Hi Clifford... Thanks for writing.
I'm only theorizing, but it makes perfect sense.
Oil is seeping in through the blower seals (or from somewhere) into the blower and when the piston retracts and reveals the intake port the blower blows in fresh air along with some oil and it is combusted along with the fuel. This is the reason for the blue smoke. The reason that it does not run away, is probably that the amount is too small to support combustion.
When I gunned it the other day and it ran away for a few seconds, the amount probably reached the window of combustion and it took off! Since it was only a minute amount, the run-away lasted only a few seconds.
Then too, when the piston retracts and reveals the intake port, the blower blows in fresh air along with some oil in through the intake and right out the exhaust port. The oil lands on the superheated exhaust manifold... turns into white smoke... which travels out through the tailpipe. Remember it takes only a minute amount of oil to give a billowing white cloud.
When I did Special Effects in LA, we built a small cracker out of a 25 gallon drum. We filled the bottom with Johnson & Johnson Baby Oil just to cover the air manifold and we could make smoke all day without refilling the drum.
You are right about the zip. I use my brothers address as a base. He lives on 85th and Chaparral. I've been bouncing it around from location to location until I find a nice spot where it's not a bother to anyone and I have electricity to work on it. I have it parked at my apartment building right now. The owner is cool. Thought the Rolling Stones were in town.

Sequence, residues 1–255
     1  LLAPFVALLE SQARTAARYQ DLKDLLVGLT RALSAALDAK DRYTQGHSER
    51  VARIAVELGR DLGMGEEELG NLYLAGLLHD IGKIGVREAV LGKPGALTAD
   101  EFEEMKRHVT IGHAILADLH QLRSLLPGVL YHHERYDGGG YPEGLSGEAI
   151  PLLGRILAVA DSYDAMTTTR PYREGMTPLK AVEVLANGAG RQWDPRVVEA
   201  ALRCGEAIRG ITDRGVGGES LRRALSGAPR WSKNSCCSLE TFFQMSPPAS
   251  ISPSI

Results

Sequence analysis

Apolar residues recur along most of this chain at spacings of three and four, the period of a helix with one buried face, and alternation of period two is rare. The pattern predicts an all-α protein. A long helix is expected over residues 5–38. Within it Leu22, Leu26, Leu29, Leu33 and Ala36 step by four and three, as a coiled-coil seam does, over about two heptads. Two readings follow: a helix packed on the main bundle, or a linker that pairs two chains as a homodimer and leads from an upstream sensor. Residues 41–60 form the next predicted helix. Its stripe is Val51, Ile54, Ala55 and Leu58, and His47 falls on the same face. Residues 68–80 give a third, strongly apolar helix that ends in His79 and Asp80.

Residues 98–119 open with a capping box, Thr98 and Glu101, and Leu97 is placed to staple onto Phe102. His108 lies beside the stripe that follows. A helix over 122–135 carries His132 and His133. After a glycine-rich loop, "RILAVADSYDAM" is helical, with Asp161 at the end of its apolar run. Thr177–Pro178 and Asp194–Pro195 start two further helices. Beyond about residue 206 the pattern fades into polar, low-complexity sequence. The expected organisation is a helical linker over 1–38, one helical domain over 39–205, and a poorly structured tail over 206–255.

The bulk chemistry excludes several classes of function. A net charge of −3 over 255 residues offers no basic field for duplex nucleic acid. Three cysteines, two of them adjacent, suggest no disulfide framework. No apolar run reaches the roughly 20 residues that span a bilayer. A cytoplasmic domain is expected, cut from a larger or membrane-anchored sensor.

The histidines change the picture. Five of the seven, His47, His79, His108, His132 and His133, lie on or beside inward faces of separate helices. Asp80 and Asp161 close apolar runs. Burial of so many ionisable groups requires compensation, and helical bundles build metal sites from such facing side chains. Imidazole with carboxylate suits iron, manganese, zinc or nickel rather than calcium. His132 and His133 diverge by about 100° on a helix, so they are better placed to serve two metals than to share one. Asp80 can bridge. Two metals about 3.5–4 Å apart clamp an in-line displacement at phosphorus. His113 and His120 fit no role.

What do you think of my theory?
Like to hear my theory on gravity?
Thanks again for writing!
If you like... send me an email and I'll send you my contact info.
I haven't read the entire thread but another reason a screamer will run away briefly is if it is dead idled for a prolonged period or driven at low speed, especially at low engine temps or if it has a few tired cylinders. What happens is the unburnt fuel that doesn't slobber out the exhaust collects in the air box and when enough of it collects, all it takes is for the engine to be revved up quick and it will inhale it, and away she goes.
I used to see it at trucking companies that would use an old beater with a 671 or 8v71 for a yard tractor and it would idle for days, never get out of second gear and the temp hovering about 130 deg.
The first guy that goosed it across the yard would get the ride of his life for a few seconds.